According to www.thepeoplehistory.com

  • 5-inch Portable TV $147.00
  • Average House Price $13,650
  • Average Monthly Rent $240.00 
  • BMW 320i $7990.00
  • Cost of a gallon of Gas 65 cents 
  • Average Income per year $15,000.00
  • Interest Rates Year End Federal Reserve 7.75%

Incidentally, Apple released the first Apple II Computer in 1977. At the time, no one had any idea Apple would become the most valuable publicly traded company in the world in 2018.

I mentioned that my iPhone was purchased during a Black Friday Sale. The details I left out are: Target was offering $250 back in the form of a store gift card. Also, I failed to mention, we bought two phones. Eeek! My wife bought one also. Same model for the same price.

We opted to put the 2 iPhone Xs’s on the 0% for a 24-month payment plan. That is so terribly un-Fi. For the next two years, our monthly Verizon bill will increase by $90. This will cut into our cash flow but will be offset by raises and continued scrutiny of our expenses.

Here’s a riddle. If we received $500 in gift cards, did the two phones really cost $2400? Yes, but mostly no!

A week later I noticed a couple of Target bags in the living room. I asked my wife, “Did you go to target” My wife replied, “yes, I took the boys to do some Christmas shopping with the gift cards.”

The gift cards had come in handy after all. Deferring the cost of Christmas presents that would have otherwise been paid out of cash flow, meant the gift cards were not wasted. Although we ended up with a couple ugly Christmas sweaters, the kind you wear to Christmas parties, the gift cards were mostly put to good use. We have two new phones that will last 4 more years and life moves on.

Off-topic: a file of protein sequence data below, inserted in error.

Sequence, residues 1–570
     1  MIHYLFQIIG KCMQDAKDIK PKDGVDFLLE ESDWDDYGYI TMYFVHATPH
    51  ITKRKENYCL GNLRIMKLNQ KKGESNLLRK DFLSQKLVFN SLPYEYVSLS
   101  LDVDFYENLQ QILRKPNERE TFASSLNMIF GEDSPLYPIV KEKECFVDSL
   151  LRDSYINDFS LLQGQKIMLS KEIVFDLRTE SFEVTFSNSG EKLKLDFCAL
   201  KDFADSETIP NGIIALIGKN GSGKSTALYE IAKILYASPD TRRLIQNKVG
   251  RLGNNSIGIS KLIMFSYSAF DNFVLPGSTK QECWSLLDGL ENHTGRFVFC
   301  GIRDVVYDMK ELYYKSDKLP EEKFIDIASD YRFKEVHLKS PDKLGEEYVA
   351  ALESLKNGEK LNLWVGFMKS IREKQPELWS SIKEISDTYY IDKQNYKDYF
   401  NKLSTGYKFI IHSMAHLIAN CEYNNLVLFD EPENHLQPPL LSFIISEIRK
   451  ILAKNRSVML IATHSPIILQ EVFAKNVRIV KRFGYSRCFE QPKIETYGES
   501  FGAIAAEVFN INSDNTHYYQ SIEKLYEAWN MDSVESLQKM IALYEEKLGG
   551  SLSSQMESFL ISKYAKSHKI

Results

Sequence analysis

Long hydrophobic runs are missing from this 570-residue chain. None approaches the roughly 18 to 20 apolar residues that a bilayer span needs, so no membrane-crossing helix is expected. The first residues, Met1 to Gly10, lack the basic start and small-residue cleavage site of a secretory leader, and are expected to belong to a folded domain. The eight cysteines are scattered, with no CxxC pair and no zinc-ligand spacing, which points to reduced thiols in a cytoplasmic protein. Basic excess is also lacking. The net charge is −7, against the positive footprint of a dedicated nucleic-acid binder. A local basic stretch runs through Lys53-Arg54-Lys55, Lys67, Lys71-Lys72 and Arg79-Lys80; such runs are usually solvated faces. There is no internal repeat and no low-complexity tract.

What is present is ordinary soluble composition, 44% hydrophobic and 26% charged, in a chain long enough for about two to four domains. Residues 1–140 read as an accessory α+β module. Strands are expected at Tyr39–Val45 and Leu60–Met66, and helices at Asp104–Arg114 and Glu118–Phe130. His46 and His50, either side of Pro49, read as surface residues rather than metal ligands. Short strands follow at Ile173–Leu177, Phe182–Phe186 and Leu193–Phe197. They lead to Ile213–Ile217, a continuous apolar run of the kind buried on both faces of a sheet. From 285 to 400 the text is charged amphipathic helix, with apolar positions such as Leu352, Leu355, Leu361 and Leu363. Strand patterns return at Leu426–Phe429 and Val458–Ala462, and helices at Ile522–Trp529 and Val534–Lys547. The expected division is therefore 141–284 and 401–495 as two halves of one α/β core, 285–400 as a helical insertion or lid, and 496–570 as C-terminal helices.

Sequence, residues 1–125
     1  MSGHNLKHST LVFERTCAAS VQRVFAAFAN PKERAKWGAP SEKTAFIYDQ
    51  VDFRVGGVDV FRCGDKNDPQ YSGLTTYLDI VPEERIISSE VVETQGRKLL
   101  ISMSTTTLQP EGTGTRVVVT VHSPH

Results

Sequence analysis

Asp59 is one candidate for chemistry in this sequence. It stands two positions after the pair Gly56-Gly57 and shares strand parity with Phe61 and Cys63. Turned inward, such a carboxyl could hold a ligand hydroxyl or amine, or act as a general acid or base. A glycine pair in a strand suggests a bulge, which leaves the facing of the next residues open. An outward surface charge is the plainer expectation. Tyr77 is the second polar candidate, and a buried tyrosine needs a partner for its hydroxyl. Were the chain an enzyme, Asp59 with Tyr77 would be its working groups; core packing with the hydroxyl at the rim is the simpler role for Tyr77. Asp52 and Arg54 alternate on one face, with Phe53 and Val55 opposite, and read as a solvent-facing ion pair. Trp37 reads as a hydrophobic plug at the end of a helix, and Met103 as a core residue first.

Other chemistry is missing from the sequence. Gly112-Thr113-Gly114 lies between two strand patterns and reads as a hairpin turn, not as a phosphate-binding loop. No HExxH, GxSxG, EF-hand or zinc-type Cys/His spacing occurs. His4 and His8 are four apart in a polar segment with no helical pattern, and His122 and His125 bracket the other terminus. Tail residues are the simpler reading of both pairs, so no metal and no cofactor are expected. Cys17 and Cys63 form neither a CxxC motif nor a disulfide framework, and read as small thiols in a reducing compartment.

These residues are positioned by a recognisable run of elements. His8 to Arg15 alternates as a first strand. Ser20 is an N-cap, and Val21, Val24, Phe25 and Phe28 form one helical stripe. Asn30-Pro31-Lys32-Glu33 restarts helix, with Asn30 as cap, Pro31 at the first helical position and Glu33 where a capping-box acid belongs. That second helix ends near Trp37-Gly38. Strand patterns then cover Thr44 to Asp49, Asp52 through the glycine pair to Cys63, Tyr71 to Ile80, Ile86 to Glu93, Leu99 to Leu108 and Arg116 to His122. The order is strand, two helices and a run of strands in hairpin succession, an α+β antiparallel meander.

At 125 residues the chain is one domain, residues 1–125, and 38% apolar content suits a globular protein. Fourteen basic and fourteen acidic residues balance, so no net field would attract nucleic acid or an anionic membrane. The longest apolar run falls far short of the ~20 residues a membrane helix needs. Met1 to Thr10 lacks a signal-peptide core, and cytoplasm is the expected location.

Thank you for reading. Come back Friday or subscribe on the form above, for the Friday Night Highlights, where I round up a few of the most interesting articles of the week.

 

6 thoughts on “I Happily Wasted $1200 On Myself

  1. Hey, hey, hey, there is no reason to get derogatory about Android! I paid $1,000 for my Samsung Note 8 two years ago and it is very similar to the best fruit phones. You won’t hear me trashing your technology. I would never insult your prize possession like that. In fact it’s the perfect starter phone for people needing a Fisher Price interface. Can’t we all just get along?

    1. Thanks for reading and weighing in Steve.

      I have heard great things about the upper-end Samsung phones like the Note and Galaxy lines of phones. I was referring to the $100 range Androids. Although I have never used one of the entry-level Androids A frugal doctor I work with bought one and said it was a waste of his money. A month later he purchased a Google Pixel 3. The point of the post is that I value my smartphone for all the amazing things it accomplishes. I was happy to pause my frugal ways to splurge on A $1,200 phone.

  2. “So the other day, a work friend says, “I don’t get you, Shawn.” You wear 10-year-old scrubs and drive a 19-year-old truck, yet you have $160 apple ear pods and a brand new $1200 iPhone.” Coworker doesn’t realize that because you opted out of a new car and scrubs, you all of a sudden have way more money for the things you value. You use your phone every single day. While I personally don’t value my phone the same way, I totally can see why it’s a worthy purchase for you.

  3. I figure, whether you are on the FIRE path or not, investing in something you will regularly use and is of good quality is a good way to spend money. There is no sense in cheaping out and getting something that will need to be replaced sooner rather than later.

    1. Thank you, Sarah
      I have a hard time spending money on myself and that will probably never change. You are totally right! Spend money on stuff that counts. I get more use out of my phone than almost anything else in my life. I suppose I could have bought an iPhone 7 but with the Black Friday discount, the price spread was not that big.